September 11, 2001, changed everything. The Al-Qaeda terrorist bombings in New York City and elsewhere immediately prompted an extreme reaction, which manifested itself as a fiercely aggressive, righteous demand for retaliation on the part of the people. In short order, information was disseminated as to Al-Qaeda as having been responsible for the attacks, yet the diverse composition and locations of this organization denied Americans a clear target. Osama Bin Laden was the primary force and leader, it was understood, but the average citizen was deprived of a specific nation to blame. This was a form of warfare new, not only because of the unprecedented nature of the strikes themselves, but because Arab ideologies, and not national borders, were defining the enemy. This very confusion enabled the Bush administration to tie national fears of further attack to its own agenda of displacing Iraqi President Saddam Hussein. For some years, the conservative powers in Washington had been unhappy with the lenient dealing applied to Hussein, whose regime was dictatorial, and aggressively hostile to U.S. allies Israel and Kuwait (Downing, 2005, p. 16). Removing Hussein would vastly benefit U.S. interests, and 9/11 provided what appeared to be an excellent motive; all that needed to be done was establish a political and/or ideological link between Hussein and Al-Qaeda. More to the point and less difficult to assert, it was essential that it be known that Iraq was in possession of weapons of mass destruction (WMD), for the sudden and immense anti-Arab feeling overtaking the nation required little more incentive than that, to support an invasion.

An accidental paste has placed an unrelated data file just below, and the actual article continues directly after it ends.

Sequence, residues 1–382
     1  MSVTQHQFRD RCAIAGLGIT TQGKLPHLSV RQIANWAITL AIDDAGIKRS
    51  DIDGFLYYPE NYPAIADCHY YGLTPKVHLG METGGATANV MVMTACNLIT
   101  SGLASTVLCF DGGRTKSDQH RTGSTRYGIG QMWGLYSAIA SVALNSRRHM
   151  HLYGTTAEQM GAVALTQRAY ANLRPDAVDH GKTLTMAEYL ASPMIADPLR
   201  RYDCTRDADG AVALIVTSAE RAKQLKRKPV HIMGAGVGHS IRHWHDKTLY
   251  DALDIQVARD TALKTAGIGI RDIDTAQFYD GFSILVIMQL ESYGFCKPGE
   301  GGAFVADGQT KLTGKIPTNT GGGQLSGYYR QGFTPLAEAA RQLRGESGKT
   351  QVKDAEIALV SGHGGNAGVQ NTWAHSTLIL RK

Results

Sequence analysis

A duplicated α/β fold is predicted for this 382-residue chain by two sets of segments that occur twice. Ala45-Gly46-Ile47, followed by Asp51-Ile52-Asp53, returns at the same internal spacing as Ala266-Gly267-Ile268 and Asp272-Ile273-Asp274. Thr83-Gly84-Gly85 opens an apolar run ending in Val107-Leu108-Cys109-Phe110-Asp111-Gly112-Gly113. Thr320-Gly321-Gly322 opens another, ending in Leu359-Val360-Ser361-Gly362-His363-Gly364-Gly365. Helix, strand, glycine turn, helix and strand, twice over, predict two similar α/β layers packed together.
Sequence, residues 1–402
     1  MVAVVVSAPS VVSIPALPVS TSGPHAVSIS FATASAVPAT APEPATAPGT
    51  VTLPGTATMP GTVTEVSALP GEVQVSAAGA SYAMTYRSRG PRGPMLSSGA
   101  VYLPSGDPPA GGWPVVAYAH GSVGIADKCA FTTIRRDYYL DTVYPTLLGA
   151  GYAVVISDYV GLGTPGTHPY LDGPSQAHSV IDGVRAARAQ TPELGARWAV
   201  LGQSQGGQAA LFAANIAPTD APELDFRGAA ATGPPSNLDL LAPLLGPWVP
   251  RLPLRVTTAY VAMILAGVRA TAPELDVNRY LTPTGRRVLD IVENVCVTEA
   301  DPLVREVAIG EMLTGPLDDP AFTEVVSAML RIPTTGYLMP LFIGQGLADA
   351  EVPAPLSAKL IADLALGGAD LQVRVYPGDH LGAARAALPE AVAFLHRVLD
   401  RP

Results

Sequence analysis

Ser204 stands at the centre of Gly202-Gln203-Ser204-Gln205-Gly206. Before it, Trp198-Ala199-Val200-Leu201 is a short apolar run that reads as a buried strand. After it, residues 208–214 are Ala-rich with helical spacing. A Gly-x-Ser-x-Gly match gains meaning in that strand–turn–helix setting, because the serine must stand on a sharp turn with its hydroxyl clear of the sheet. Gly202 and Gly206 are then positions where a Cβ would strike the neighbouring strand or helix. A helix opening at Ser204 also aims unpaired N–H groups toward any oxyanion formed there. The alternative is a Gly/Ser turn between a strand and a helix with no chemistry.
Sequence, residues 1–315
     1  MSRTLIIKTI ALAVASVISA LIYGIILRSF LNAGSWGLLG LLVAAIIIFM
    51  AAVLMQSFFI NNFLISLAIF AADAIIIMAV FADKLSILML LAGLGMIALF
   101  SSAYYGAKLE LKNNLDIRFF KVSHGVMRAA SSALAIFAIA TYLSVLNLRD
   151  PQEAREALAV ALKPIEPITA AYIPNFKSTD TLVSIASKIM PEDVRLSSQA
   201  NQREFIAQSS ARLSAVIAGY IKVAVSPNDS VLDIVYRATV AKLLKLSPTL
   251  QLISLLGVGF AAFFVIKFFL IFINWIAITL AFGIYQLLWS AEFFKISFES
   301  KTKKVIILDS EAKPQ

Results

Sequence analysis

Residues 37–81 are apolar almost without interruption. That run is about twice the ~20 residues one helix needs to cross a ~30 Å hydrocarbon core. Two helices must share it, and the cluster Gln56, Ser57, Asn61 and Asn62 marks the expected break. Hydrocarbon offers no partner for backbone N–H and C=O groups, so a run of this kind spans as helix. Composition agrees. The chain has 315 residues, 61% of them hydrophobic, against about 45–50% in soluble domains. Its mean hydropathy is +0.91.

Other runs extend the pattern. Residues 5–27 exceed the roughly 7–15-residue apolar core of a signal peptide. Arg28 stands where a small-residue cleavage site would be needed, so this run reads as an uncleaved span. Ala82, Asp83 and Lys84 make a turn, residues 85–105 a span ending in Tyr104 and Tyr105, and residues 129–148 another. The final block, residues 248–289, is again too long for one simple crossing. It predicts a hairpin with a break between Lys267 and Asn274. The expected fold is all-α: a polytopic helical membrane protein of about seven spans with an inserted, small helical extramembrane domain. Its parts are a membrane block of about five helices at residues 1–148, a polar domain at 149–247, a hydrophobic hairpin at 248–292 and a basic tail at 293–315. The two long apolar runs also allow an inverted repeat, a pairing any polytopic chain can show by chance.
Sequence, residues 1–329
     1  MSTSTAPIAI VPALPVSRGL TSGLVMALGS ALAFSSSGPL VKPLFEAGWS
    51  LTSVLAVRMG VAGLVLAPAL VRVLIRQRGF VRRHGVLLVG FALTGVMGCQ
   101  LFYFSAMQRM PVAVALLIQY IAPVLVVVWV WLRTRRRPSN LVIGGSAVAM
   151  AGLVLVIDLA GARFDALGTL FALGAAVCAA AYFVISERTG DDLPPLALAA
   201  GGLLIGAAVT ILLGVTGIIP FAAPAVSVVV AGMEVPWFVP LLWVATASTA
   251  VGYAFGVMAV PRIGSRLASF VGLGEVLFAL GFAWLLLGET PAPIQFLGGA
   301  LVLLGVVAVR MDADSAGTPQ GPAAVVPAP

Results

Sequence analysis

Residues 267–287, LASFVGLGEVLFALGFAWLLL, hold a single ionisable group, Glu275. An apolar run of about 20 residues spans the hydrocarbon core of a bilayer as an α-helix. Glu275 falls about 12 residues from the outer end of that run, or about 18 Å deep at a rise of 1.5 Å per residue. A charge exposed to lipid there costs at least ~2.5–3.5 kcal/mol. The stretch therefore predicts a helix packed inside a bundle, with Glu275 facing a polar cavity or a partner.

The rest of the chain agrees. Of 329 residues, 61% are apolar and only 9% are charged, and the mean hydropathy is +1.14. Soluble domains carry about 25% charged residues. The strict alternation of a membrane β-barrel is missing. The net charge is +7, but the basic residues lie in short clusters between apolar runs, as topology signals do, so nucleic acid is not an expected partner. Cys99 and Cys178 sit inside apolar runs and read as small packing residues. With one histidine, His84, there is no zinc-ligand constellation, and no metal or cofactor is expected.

This is not to aver that Saddam Hussein's regime was not dangerous, nor a concern requiring vigilant attention. By 2002, it was most certainly a source for international debate, particularly as fueled by President Bush's outspoken stance against Iraq. The President's decision in 2003 to invade Afghanistan was not greatly censured, as that nation was a known locus for Al-Qaeda activities. Iraq, however, was a different story, certainly to international eyes. Hussein was vocally anti-America, but nonetheless perceived by most U.S. allies as something of a paper tiger. It appears that there was a great deal of reluctance from other other world powers as to what measures could be appropriately taken. Ultimately, only the United Kingdom supported the President's aggressive policy regarding Iraq, as China, France, Germany and Russia were in favor of actions less overt, and more directed towards containing any potential threat from Hussein (Downing, 2005, p. 18). In basic terms, and contrary to American feeling and the government's stance, there was no international backing for a U.S. invasion of Iraq.